Sometime around 600 BC the Hanging Gardens of Babylon were built. The ancient Roman geographer Strabo supposedly visited the hanging gardens sometime around 1 AD and noticed they were watered using Archimedes screws which had been in place for nearly 500 years before his time.

Further, in ancient Egypt we have accounts of farmers irrigating their crops with the Archimedes screw design. When powered by the wind these devices could continuously life water vertically out of a river up to a higher place.

However, typically these devices were employed by teams of either slaves or workers who worked to pump the water uphill. We have depictions demonstrating that a team of workers would walk on primitive treadmills to power the screw to lift out water from a lake or river.

As such one of the main ways that ancient civilizations moved water uphill was by using the Archimedes screw invention.

Ancient Civilizations Would Drill Deep Into An Elevated Water Table Far Away And Build Artificial Rivers.

Another way in which ancient civilizations would move water uphill would be by creating artificial rivers starting at a higher water table.

Typically this method was used throughout the ancient middle east where the mountains typically had a higher water table then the surrounding valleys. The main example that we have for this style of moving water uphill comes from ancient Persia.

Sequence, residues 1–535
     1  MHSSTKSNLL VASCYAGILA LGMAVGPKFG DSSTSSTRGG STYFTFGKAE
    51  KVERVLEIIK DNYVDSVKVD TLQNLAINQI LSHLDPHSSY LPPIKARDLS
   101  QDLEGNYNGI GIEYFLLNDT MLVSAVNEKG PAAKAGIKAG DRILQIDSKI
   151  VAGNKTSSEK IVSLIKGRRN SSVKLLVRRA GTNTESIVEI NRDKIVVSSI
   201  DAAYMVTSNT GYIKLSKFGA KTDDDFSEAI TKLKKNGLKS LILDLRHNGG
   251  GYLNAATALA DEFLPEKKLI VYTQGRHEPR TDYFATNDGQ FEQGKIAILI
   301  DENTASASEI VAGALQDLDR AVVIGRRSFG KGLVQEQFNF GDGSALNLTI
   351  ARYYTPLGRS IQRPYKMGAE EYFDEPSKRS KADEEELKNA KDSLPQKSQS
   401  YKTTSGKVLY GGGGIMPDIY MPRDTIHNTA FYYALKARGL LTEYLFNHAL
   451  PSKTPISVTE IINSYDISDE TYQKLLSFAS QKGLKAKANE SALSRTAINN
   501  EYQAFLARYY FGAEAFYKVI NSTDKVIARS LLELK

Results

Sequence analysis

In ancient Persia engineers would dig into a mountain and build a series of underground aqueducts. These aqueducts would tap into the elevated water table and funnel the water into an artificial river.

The reason we typically see underground aqueducts in the middle east was because of the hot dry climate. If the Persians built an above ground aqueduct like the Romans the water would evaporate in the hot sun.

As such, across the middle east these aqueducts would be constructed underground and directly tap into the latent water table. Today these ancient underground aqueducts are called a qanat, foggaras, or kariz depending upon the culture it is located in.

The water from this aqueduct technically moves uphill at its end destination since the ancient engineers would divert an entire underground river to an uphill destination on dry land.

These aqueducts are so effective that to this day across the middle east a large portion of the population of former Persia lives in villages and towns which still rely upon the ancient underground aquifers for their water.

As such one of the main ways in which ancient civilizations moved water uphill was by constructing underground aquifers where the water table was higher and then using this to create artificial rivers.

Conclusion

There you have it; an entire article about the 3 ways ancient civilizations moved water uphill.

The concept of ancient hydro engineering is fascinating. It is mind boggling how much the ancients knew about how to build and supply water to large populations over 2,000 years ago.

Here at The History Ace I strive to publish the best history articles on the internet. If at the end you enjoyed this article then consider subscribing to the free newsletter and sharing around the web.

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Sincerely,

Nick